Republicans have clinched Senate control in an election night that saw Democrats around the country crushed by the growing unpopularity of President Obama.

Democratic losses piled up throughout the night, with the GOP securing a Senate majority before midnight as Sen. Kay HaganKay HaganLinking repatriation to job creation Former Sen. Kay Hagan in ICU after being rushed to hospital GOP senator floats retiring over gridlock MORE lost in North Carolina and Republican Joni Ernst won an open seat in Iowa.

Incumbent Democrats also fell in House and gubernatorial races, adding to the scale of the party's defeat. High-profile Democratic targets including Wisconsin Gov. Scott Walker (R) prevailed, and the party failed to pick up a single Senate seat. 

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The GOP needed to gain six seats to win the majority, and had already gained seven seats before polls even closed in Alaska. There, Republican Dan Sullivan has opened a lead over Sen. Mark BegichMark Peter BegichPerez creates advisory team for DNC transition The future of the Arctic 2016’s battle for the Senate: A shifting map MORE (D) with nearly all of the vote counted. 

Republicans won open seats held by Democrats in Montana, West Virginia, Iowa and South Dakota, and knocked off incumbents in North Carolina, Arkansas and Colorado.

Their majority could grow larger — Sen. Mary LandrieuMary LandrieuCNN producer on new O'Keefe video: Voters are 'stupid,' Trump is 'crazy' CNN's Van Jones: O'Keefe Russia 'nothingburger' video 'a hoax' Trump posts O'Keefe videos on Instagram MORE (D-La.) will be the underdog in a runoff election in December against Republican Rep. Bill Cassidy. Sen. Mark WarnerMark Robert WarnerOvernight Cybersecurity: Equifax hit by earlier hack | What to know about Kaspersky controversy | Officials review EU-US privacy pact Overnight Tech: Equifax hit by earlier undisclosed hack | Facebook takes heat over Russian ads | Alt-right Twitter rival may lose domain Facebook under fire over Russian ads in election MORE (D-Va.) was also clinging to a razor-thin lead in Virginia that appeared headed for a recount.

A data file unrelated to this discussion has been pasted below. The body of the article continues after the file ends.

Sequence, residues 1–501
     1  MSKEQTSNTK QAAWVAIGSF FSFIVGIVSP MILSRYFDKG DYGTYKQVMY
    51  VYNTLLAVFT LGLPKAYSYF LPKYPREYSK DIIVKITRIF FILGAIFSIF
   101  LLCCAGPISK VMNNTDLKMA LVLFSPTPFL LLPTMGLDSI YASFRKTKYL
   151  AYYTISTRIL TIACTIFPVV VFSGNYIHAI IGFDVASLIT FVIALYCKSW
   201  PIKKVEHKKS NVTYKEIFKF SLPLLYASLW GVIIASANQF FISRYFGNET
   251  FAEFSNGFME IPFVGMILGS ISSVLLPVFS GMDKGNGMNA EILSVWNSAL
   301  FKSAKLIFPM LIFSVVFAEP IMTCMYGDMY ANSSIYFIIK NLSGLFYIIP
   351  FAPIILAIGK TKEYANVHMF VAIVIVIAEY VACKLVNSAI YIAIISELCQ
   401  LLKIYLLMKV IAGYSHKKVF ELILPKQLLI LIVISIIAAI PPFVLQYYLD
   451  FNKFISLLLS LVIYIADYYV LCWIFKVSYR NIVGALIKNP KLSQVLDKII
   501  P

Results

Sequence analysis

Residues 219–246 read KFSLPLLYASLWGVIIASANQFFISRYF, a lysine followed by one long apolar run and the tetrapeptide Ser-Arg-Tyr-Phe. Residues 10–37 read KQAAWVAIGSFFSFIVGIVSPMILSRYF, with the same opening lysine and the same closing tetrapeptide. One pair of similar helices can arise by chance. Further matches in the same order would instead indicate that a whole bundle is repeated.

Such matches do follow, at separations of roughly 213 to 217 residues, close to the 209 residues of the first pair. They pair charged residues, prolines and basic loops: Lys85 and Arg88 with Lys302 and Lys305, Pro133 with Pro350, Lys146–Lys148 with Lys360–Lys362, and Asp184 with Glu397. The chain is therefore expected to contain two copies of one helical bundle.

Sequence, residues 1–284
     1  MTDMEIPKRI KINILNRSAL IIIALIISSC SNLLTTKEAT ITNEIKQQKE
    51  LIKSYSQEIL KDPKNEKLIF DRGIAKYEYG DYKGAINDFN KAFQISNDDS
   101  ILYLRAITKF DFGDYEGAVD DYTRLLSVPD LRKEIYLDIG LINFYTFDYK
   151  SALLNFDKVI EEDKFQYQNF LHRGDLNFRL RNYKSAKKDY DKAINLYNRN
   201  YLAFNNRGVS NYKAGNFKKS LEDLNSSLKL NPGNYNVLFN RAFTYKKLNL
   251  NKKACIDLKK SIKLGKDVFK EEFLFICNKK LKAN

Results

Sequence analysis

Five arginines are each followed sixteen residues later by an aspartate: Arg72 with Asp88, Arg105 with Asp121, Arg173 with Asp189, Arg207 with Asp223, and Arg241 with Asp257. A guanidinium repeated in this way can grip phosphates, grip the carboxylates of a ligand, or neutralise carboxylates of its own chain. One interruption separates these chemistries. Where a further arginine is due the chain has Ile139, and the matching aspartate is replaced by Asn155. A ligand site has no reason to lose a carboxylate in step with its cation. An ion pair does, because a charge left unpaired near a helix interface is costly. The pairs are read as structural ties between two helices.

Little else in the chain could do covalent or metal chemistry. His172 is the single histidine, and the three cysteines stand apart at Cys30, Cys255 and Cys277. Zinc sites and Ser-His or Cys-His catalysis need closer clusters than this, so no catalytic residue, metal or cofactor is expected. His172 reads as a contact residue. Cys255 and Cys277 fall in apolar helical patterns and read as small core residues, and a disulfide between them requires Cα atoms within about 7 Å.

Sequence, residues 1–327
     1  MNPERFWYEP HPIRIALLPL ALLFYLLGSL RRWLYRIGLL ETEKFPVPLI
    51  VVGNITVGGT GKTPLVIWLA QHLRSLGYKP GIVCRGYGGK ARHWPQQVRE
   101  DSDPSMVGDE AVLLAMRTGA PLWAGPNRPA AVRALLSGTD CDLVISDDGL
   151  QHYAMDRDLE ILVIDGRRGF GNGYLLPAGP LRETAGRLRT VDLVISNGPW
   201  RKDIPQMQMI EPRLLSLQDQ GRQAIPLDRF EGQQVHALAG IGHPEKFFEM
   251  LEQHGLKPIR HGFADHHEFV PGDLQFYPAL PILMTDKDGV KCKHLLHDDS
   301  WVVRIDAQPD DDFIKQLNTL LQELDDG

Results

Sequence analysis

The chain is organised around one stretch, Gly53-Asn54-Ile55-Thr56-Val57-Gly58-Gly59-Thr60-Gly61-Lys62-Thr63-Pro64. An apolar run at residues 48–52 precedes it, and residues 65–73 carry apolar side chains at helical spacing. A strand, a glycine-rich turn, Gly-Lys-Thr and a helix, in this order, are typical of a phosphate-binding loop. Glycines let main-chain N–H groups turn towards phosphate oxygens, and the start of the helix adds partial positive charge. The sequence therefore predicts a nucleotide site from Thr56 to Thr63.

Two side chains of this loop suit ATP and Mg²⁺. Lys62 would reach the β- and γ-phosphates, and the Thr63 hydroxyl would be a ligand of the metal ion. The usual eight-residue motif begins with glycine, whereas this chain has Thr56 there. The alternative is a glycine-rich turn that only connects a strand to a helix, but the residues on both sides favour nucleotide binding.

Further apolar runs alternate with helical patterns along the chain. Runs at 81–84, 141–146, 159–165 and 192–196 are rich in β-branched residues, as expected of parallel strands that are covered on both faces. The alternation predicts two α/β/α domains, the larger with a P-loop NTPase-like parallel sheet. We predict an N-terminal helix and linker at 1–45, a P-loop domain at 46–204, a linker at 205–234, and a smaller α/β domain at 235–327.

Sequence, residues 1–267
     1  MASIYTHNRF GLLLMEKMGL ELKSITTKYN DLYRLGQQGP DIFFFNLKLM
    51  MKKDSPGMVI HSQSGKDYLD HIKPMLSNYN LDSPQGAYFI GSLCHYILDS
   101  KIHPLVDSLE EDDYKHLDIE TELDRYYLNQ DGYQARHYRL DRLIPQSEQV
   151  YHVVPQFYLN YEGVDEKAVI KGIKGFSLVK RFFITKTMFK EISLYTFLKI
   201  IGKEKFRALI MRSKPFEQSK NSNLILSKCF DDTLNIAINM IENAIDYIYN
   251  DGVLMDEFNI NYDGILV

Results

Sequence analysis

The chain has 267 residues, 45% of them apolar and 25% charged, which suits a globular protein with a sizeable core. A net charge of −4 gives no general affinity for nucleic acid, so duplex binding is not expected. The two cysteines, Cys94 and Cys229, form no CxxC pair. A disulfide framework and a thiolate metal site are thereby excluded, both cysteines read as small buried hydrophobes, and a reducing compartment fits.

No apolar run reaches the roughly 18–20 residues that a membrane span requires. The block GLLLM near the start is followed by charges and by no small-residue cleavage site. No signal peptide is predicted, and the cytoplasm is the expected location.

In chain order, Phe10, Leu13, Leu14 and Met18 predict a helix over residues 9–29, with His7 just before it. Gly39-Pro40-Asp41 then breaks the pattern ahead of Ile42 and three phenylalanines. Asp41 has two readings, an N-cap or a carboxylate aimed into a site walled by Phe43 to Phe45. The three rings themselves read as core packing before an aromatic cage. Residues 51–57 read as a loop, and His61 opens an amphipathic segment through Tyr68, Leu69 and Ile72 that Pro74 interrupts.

If both Sullivan and Cassidy eventually prevail, that margin could grow to nine seats netted by the GOP by the end of the cycle. 

Sen. Mitch McConnellAddison (Mitch) Mitchell McConnellSenate passes 0B defense bill Overnight Health Care: New GOP ObamaCare repeal bill gains momentum Overnight Finance: CBO to release limited analysis of ObamaCare repeal bill | DOJ investigates Equifax stock sales | House weighs tougher rules for banks dealing with North Korea MORE (R-Ky.) easily won his reelection fight, and the other wins ensure he will fulfill his long-held dream of becoming Senate majority leader.

McConnell was declared the victor in his closely watched race as soon as polls closed in the Bluegrass State, defeating Democrat Alison Lundergan Grimes to earn a sixth term. Democrats had early hopes for the Kentucky secretary of State's candidacy, but her campaign couldn't take advantage of the senator's unpopularity in the state. 

McConnell had to wait for several more hours to learn which way Senate control would fall. But the GOP leader's counterpart admitted just before midnight that Democrats had been ushered from power.